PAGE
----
Christ cross

The cross is meant to be co-opted

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Image: Kelly Sikkema/Unsplash

When Rod Dreher announced he and his wife were divorcing, the first thing I should have done was pray for them. Instead, I braced myself for the nasty comments I knew would follow his announcement. And they followed, as Dreher himself predicted.

Dreher has a lot of wrongdoers, and not wrongly. Despite his large following, he is not a cautious man and tends to bounce from panic to panic, only resting in maddening self-indulgence that is frustrating even to people who agree with some of his opinions. ; and he is downright repugnant to those who find his views appalling. And some of the things that he believes are appalling.

Still, I guess my corner of the internet is somewhat sheltered, as I was unprepared for the avalanche of joy that followed the news. It wasn’t just about desserts, like a bad boss getting himself fired, or a thief getting his own stuff stolen. He was a man whose ideas people did not agree with when they announced that he had struggled for nine years to save his marriage, and had finally failed, and it was partly his fault. Responding to such news with joy is putting hell on your head.

One comment in particular stood out, as it presented itself as correcting his Christianity. A woman mocked him for using an image from The Passion as the essay’s header image where he briefly describes his suffering.

Dreher is, in fact, in Jerusalem at the time he writes, and had been praying at Golgotha ​​during Holy Week, so it would be almost anomalous if an image of the crucifixion had not suggested itself to him as a natural illustration of intense personal pain. But this commentator chastised him for comparing himself to Jesus. She said it was typical self-glorification for him to co-opt the imagery of the cross for his own suffering.

But that’s cross stitch.

Rod Dreher in Sydney. Photo: Alphonse Fok

This is why the execution of our savior was public. This is why it was done in the middle of the day, in front of the crowd, on the top of the hill: so that everyone could see, and everyone would know that Jesus wept and bled and lost the strength to his members. just like us. Like all those who had suffered until now, and like all those who would suffer. That’s the point. The cross is meant to be co-opted. That’s why.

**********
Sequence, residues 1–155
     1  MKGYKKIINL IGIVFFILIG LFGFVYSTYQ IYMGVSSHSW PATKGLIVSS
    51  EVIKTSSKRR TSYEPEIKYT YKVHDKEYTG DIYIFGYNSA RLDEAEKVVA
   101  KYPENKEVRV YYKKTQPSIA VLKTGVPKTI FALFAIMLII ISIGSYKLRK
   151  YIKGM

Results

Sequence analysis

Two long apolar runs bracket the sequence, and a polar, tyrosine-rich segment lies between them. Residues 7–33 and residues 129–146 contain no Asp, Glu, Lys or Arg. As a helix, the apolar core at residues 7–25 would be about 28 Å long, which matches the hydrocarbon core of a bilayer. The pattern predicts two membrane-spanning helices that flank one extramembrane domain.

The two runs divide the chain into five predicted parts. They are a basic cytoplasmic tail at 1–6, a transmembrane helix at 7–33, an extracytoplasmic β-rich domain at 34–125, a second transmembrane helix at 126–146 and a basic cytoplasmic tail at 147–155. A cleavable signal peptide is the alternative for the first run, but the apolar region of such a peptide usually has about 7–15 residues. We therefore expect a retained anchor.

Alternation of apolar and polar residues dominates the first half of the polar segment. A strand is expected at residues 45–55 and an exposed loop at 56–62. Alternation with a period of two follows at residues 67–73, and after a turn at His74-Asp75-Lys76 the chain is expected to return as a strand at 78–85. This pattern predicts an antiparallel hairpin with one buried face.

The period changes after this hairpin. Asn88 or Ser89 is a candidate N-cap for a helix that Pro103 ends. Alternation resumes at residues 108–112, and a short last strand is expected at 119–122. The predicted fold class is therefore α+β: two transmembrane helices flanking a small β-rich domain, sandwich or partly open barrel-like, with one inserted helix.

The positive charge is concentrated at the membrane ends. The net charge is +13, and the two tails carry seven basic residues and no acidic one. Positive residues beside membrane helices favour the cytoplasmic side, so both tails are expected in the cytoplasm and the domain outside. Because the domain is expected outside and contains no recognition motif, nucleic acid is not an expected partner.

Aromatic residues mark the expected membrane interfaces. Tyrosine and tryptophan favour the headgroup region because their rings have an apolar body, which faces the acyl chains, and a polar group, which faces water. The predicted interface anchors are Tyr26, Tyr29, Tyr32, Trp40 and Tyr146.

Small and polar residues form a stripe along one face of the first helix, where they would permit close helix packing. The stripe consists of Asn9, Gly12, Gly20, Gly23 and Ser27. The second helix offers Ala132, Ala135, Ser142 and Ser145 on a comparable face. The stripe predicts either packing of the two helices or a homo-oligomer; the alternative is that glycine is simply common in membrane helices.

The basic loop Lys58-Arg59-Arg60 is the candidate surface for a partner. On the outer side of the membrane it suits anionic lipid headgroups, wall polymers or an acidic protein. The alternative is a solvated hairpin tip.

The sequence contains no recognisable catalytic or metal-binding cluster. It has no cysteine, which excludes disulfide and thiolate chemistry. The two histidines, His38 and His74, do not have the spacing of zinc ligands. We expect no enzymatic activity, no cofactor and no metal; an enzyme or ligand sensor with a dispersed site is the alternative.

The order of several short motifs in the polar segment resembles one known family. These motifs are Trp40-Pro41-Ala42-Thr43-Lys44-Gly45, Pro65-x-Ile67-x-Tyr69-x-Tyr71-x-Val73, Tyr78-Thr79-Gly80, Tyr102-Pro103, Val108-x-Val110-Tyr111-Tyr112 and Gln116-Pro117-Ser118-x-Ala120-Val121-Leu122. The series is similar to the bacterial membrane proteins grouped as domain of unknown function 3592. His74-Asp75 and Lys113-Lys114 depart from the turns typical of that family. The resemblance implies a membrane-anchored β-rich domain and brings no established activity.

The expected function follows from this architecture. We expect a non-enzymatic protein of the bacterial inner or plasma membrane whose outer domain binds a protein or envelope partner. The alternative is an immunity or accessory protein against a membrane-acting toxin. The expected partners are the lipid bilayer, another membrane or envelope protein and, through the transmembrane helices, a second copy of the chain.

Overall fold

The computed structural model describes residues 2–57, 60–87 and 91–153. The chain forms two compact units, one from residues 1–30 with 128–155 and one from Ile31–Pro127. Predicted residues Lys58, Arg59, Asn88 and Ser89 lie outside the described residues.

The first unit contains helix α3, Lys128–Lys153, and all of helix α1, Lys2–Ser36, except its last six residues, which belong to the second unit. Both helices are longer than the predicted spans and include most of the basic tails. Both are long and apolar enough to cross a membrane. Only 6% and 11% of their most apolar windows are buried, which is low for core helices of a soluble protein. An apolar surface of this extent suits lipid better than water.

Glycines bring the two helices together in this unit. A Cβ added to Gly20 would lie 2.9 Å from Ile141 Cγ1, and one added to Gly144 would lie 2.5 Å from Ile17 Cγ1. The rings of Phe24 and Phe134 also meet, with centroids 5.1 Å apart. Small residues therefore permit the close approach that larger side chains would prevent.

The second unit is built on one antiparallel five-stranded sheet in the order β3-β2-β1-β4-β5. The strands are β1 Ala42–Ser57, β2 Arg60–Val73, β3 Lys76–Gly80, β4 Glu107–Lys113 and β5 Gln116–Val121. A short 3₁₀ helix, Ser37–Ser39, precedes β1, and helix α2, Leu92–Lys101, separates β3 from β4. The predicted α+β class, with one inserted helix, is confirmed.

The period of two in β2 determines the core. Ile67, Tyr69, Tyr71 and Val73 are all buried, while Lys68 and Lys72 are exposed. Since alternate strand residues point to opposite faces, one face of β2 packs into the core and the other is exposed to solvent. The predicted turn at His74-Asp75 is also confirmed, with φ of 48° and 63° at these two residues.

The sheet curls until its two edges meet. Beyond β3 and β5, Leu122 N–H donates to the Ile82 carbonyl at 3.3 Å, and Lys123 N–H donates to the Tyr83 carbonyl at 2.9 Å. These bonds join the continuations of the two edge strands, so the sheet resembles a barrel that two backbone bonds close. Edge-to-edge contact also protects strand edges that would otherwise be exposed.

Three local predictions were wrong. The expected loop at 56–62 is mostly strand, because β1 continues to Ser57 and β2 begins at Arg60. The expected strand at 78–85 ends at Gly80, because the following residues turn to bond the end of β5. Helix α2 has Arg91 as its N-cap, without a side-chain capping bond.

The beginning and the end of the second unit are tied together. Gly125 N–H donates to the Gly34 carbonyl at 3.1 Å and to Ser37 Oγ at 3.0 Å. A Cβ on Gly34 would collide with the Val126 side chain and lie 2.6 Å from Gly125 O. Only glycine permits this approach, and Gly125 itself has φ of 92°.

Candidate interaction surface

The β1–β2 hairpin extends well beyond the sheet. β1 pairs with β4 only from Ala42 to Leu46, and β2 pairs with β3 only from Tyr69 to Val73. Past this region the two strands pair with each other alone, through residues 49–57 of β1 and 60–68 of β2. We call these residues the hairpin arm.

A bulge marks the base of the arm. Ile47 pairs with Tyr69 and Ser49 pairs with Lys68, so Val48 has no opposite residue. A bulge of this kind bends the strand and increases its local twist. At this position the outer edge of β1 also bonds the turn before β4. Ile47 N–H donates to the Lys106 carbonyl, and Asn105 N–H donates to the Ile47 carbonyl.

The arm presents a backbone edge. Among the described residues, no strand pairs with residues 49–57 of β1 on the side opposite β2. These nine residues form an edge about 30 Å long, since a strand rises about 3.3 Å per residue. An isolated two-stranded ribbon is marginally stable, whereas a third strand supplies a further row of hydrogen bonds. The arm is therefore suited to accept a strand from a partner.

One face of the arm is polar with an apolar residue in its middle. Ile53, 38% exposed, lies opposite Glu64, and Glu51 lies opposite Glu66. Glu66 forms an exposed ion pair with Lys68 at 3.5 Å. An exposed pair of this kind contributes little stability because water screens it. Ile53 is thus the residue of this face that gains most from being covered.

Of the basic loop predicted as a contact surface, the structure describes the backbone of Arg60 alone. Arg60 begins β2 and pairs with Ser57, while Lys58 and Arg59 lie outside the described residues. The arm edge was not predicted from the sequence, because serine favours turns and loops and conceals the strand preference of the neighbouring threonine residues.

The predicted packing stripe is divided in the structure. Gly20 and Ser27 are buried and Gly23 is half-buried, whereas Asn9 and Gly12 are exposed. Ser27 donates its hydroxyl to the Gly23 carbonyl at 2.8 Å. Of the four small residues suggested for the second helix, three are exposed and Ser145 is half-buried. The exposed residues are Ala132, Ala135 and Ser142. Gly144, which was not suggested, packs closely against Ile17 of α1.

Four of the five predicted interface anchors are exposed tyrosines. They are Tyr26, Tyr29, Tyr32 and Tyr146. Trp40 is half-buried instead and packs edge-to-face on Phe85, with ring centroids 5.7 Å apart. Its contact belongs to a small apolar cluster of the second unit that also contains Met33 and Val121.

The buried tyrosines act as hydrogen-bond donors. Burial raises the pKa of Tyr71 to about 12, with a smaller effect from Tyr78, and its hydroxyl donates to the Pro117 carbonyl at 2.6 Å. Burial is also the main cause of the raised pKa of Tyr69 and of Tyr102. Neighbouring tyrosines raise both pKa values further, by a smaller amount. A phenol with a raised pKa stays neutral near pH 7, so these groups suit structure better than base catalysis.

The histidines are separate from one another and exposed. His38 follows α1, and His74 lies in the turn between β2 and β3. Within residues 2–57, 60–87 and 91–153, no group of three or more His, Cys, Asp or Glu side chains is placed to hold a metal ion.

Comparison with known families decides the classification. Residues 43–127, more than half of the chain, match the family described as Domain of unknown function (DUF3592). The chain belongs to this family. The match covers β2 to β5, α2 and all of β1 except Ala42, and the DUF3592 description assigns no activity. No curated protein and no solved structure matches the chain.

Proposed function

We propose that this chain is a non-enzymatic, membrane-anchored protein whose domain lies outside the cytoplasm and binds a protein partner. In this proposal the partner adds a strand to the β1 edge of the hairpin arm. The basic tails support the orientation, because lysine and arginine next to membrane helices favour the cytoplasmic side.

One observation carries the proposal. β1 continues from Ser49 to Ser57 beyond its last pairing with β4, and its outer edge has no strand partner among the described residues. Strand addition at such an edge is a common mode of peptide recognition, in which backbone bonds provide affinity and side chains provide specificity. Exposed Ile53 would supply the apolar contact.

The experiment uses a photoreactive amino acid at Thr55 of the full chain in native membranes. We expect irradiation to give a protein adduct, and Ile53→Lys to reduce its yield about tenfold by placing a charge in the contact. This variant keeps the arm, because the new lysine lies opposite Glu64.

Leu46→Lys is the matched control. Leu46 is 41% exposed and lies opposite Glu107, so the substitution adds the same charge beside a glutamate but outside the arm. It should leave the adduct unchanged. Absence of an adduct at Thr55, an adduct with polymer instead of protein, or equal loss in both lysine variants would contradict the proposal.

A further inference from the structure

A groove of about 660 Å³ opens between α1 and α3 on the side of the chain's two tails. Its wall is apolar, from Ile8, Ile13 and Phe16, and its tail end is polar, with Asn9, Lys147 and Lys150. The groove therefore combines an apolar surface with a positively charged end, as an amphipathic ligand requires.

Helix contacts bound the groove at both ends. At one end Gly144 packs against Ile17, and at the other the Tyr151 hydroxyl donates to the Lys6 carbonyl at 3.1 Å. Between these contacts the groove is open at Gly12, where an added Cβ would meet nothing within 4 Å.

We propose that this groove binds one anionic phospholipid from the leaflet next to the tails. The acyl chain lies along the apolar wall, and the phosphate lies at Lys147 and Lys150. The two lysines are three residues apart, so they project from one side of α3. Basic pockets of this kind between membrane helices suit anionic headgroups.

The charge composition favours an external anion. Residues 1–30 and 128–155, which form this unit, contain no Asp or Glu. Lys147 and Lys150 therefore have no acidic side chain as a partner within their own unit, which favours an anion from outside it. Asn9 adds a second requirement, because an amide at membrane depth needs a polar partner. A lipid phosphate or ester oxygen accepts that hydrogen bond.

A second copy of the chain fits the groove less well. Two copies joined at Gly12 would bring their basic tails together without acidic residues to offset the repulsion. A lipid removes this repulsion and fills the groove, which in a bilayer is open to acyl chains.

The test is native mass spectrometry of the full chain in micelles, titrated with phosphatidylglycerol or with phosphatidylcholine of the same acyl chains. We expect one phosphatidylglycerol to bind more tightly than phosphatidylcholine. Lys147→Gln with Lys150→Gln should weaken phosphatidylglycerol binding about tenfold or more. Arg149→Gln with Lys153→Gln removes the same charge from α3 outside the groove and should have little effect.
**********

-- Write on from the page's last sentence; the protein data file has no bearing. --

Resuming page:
I think the woman who made fun of Rod Dreher probably didn’t have a lot of theological thoughts in her head, and mostly just didn’t like Rod Dreher, and wouldn’t have any sympathy for anything he would do or would say. But it’s quite common for people who are more righteous, and who don’t reflexively kick people who are already down, to make a sort of defensive safeguard when it comes to suffering: Saying that this or that is not real suffering, or that it is not genuine, worthy or deep enough to be called real suffering. That it’s something lesser, something we should be embarrassed to admit we struggle with.

Well, there is suffering, and there is suffering. I remember hearing how a family friend sat by her dying husband’s bedside. Her roommate had the TV on, tuned to a televangelist channel, and famed Tammy Faye was on, crying into the camera as usual, her gummy mascara bleeding into the neck of her expensive silk blouse as she begged for l money for Jesus.

A nurse came into the room and brushed past the future widow as she sat and waited for her husband to die, wondering how she would look after his large family of young children when he was gone. The nurse looked up sadly at the TV and said in a plaintive voice, “Aw, why is Tammy crying?”

So there is suffering, and there is suffering. It’s true.

In suffering is sometimes the only place where we meet Christ. Photo: CNS, Nancy Wiechec

And I remember thoughtful and painful conversations around the “Mama” painting, which shows a Pieta where the dead Jesus looks a lot like George Floyd. The artist, Kelly Latimore, told The New York Times that he “always answers ‘yes’ when asked if the painting depicts Jesus or Floyd.”

The artist goes on to say:

“It’s not a script or one or the other. Is it George Floyd? Yes. Is it Jesus? Yes. There is something sacred in every person.

I don’t know exactly what he meant by that. There is suffering, and there is suffering, and it is worth having respectful conversations about how firmly to draw the line between our suffering and that of Jesus.

What I do know is that Jesus is like us in all things except sin, but for many of us that never seems real until we suffer. This is where we meet Jesus, know him, recognize him and feel his help: in suffering. Sometimes it’s the only place we meet him.

And so it is a very serious thing when other Christians want to remove that commonality, on the grounds that we are not worthy to consider ourselves so close to Christ, or to feel that we have so much in common with him.

Because that, too, is the point: we are not worthy. That’s why he came for us. Our unworthiness to have anything in common with God is the very reason we need a saviour.

There is suffering, and there is suffering, but there is only one man who suffered for public consumption, so to speak. The suffering of Jesus is universal; it’s for everyone. And at the same time, it’s personal. It is for each of us as individuals, and it means what is needed in our specific lives. The cross is for us to use, to co-opt, to identify with, to look at, to cling to, to use as we can so as not to fall into the underworld. That’s why.

The suffering of others, however – yes, even the suffering of experts we don’t like – is not ours to judge, and certainly not ours to use, certainly not for our own amusement. Be careful, my friends.